“Our focus at CSIRO is identifying how we can get more energy though the existing system infrastructure, keeping in mind that it needs to be increasingly flexible but still reliable.
“There’s a lot we can do to this end, such as reducing our emissions by 20-30% just through efficiency gains of energy end use,” Tourbier says.

“We’re also looking at higher efficiency and lower cost solutions for electricity generation such as perovskite-based PV cells. Another focus is helping our industry and transport sectors to decarbonise, especially where electrification is not an option. That’s where we have to look at ways we can produce, distribute and store hydrogen at a lower cost.

“If we really want to build a hydrogen export market here in Australia, we need to look at solutions for storage. Considerations include underground storage, liquification for storage, converting hydrogen into ammonia so it can be used as a carrier but also as a final fuel, for example, in fuel cells.”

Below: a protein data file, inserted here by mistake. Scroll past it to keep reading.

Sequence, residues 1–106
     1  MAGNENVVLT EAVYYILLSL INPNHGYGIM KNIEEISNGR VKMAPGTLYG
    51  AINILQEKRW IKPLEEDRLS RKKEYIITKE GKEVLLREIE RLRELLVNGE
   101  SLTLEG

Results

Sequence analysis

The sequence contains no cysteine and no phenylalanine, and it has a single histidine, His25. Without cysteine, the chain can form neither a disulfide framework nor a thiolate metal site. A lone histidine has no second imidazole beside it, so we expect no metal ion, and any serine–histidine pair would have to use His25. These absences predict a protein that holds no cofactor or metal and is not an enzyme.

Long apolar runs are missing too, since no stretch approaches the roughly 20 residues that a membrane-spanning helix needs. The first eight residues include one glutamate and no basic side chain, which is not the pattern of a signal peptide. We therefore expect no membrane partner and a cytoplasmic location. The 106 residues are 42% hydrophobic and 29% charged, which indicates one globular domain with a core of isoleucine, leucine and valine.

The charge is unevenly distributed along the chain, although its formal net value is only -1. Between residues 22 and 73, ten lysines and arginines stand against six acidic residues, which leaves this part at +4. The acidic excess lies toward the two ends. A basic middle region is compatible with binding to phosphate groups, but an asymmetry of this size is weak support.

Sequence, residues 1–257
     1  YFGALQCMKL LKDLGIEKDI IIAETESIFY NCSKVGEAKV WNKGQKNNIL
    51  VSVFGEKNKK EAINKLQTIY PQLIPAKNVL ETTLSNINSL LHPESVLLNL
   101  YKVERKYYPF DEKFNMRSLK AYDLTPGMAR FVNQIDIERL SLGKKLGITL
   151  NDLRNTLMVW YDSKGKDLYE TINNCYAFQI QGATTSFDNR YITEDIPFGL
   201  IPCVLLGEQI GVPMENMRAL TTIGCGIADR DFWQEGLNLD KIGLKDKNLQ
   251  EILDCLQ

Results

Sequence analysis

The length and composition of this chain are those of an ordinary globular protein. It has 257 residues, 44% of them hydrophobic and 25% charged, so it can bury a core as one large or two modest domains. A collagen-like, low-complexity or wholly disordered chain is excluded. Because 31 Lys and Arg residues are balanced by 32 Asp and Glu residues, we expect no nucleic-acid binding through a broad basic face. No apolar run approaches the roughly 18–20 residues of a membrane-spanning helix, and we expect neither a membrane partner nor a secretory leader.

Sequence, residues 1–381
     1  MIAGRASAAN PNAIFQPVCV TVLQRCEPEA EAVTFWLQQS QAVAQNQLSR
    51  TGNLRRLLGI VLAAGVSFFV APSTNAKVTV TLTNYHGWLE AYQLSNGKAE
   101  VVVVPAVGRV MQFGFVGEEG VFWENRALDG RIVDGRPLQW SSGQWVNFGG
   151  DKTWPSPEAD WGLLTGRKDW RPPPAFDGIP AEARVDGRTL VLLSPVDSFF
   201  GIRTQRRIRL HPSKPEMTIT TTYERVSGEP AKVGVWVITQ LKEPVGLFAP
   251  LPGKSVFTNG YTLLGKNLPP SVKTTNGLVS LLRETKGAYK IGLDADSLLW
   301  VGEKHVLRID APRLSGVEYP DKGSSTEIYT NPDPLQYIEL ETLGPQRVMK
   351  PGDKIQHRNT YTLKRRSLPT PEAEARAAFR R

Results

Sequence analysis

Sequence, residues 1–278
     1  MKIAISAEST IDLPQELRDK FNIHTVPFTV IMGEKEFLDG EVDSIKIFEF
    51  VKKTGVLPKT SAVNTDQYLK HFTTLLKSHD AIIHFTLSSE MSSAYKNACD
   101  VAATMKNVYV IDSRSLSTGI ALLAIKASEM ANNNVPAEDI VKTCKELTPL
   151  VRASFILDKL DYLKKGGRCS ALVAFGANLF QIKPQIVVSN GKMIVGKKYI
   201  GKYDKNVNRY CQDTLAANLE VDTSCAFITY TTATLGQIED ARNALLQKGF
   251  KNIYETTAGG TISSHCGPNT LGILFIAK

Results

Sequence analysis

Looking at the inescapable realities of successfully reaching net-zero emissions, Tourbier emphasises the need for carbon capture and utilisation technologies.

“We cannot do this transition without capturing and storing CO2 in the process. If we can utilise it and make things with it, great, but the demand will be an order of magnitude smaller than the amount of CO2 we need to take out of the system,” he says.

“So we will have to store it, and our role at CSIRO is to make sure when we do it, we do it safely and reliably. So, we are directing a lot of effort into helping develop technologies around CO2 storage and monitoring.”